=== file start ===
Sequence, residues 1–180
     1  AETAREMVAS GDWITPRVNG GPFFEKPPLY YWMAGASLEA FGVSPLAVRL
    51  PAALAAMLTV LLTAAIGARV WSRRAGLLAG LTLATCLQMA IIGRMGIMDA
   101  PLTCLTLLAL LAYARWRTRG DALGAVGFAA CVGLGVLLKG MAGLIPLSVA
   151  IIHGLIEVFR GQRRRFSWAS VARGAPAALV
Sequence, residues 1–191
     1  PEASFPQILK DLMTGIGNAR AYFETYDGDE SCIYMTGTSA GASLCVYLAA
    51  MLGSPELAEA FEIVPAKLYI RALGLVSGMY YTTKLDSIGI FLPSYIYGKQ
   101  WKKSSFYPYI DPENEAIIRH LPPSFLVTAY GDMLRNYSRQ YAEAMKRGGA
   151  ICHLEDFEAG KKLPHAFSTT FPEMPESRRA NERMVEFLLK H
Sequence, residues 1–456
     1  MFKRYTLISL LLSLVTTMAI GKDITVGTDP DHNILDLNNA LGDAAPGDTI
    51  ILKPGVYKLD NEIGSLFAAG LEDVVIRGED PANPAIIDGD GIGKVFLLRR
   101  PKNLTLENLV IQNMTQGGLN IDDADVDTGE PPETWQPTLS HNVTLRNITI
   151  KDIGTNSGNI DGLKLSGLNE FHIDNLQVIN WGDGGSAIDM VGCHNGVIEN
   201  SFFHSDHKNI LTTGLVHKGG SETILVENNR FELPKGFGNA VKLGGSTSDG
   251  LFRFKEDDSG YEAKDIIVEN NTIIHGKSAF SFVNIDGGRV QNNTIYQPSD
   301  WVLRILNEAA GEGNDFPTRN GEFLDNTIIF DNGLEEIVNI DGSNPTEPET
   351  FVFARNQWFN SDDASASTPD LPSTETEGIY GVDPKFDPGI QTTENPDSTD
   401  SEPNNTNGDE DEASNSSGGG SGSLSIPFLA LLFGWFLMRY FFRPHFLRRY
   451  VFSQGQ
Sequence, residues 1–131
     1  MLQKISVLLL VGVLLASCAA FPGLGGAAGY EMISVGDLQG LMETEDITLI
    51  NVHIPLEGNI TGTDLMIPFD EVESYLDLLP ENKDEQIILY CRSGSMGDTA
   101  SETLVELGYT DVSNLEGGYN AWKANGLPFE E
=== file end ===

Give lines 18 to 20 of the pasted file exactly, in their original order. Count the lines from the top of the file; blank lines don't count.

   301  WVLRILNEAA GEGNDFPTRN GEFLDNTIIF DNGLEEIVNI DGSNPTEPET
   351  FVFARNQWFN SDDASASTPD LPSTETEGIY GVDPKFDPGI QTTENPDSTD
   401  SEPNNTNGDE DEASNSSGGG SGSLSIPFLA LLFGWFLMRY FFRPHFLRRY